Friday, June 02, 2006

Primary social senses?

Another shower stall moment. It struck me that gratitude is another one of those basic things we all feel but which philosophers probably can't quit quarreling about long enough to explain in a satisfying way (e.g. sure I feel grateful toward a person who does me a kindness, but why should I feel grateful for the turkey at Thanksgiving and not for gravity or air?). Of course, I was quite ready to direct my gratitude for gratitude to biology and natural selection. But in the initial drizzle of my shower I had no idea which way to look or how to think about it. Then it came to me:

Gratitude is a kind of social sense, and socially it is a primary one. Smell is a primary sense in the primary sense. Having no sensory organ, gratitude must be another kind of sense. A social one, and primary in that it's sort of a first step in cognizing a social stance or behavior, or so seems reasonable to suppose. Another primary social sense arguably is sexual arousal (the role of pheromones gives it aspects of a regular sense as well, and of course sexuality predates social behavior, not to mention brains).

Note that smell and arousal are in effect ways that natural selection has given our lineage--to the presumptive dismay of philosophers--an ever-ready "reason" to behave prudently, at least from the perspective of survival and reproduction: Foul odor motivates us to shun the cold rotting flesh, whereas the hubba-hubba causes us to grope flesh that's hot. Our ancestors' less-fit friends contracted deadly diseases from the corpses they didn't avoid, and they passed no chaste genes along either, never having felt sufficiently motivated to mate.

Similar evolutionary just-so stories are about as easy to imagine for gratitude. To be an ingrate is to be "anti-social" by definition, more or less, so the capacity to feel grateful seems to be a necessary ingredient of social behavior, at least as we clusters of cooperating cells comprehend it. So if social behavior helps you hunt the cave bear and/or to defend your cave against one--and/or if behaving socially earns you admirers of the opposite sex--then surely a grateful individual is a fitter individual--as in more likely to eat, survive, reproduce and warm the heart of evolutionary biologists.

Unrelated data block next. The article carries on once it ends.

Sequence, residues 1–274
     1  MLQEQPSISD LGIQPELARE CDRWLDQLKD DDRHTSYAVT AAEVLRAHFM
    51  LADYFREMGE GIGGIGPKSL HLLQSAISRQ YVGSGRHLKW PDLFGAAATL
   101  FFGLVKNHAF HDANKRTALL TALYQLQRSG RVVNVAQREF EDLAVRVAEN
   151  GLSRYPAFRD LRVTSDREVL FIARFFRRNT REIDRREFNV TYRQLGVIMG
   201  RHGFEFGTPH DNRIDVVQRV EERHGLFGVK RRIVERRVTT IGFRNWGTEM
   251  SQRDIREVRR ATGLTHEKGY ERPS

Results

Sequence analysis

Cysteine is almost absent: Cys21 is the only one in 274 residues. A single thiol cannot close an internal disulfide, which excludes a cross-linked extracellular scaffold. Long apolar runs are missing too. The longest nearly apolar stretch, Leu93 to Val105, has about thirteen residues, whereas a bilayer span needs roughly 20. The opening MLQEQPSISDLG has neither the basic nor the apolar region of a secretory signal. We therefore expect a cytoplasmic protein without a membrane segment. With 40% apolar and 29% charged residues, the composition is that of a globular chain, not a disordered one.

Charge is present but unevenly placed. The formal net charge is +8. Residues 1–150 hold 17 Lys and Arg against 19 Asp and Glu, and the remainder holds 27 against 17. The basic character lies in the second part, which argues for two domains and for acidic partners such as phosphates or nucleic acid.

What could be some other primary social senses? Probably Paul Ekman's faces or "microexpressions" would be a good guide. Disgust seems like a winner. Indignation does too, though I don't know how it might relate to Ekman's categories. Anger, fear, jealousy and admiration all are useful guides socially that seem liable to be primary to me. Actually, the best bibliographic resource for primaries may be the seven deadlies, now that I think of it. Gluttony and greed aren't social at first blush or in one sense of social, but that they're sins suggests to me they belong to this sphere. So do the biological and ethological theme of excitation and inhibition. If you're too grateful, for example, you'll starve. Even if yesterday's bite of mammoth from Bob was all that kept you from going comatose and even if Bob looks like he'd really appreciate everything on your plate today, really you ought to keep some for yourself. Greed inhibits gratitude, making it look like a possible evolutionary solution to the risk of excess gratitude and so a possible primary social sense.

Pride in one's successes looks like one too--together with inferiority, the inhibitory feeling. Note you might not presume to teach if you didn't feel you had it going on. And others who hadn't witnessed your success wouldn't know to stay appraised of your doings or pay attention when you show and tell. Were you unable to feel inferior, you might never attend and heed closely where it would be wise to do so. Yet without pride to inhibit inferior feelings you might not compete for important but scarce resources, such as mates, food and shelter. Interesting.... Perhaps I'll comb the seven virtues at some later date.

1 comment:

MT said...

Shame belongs in there, perhaps opposed to righteousness-feeling. Close I guess to what I meant by pride and inferiority, but not exactly.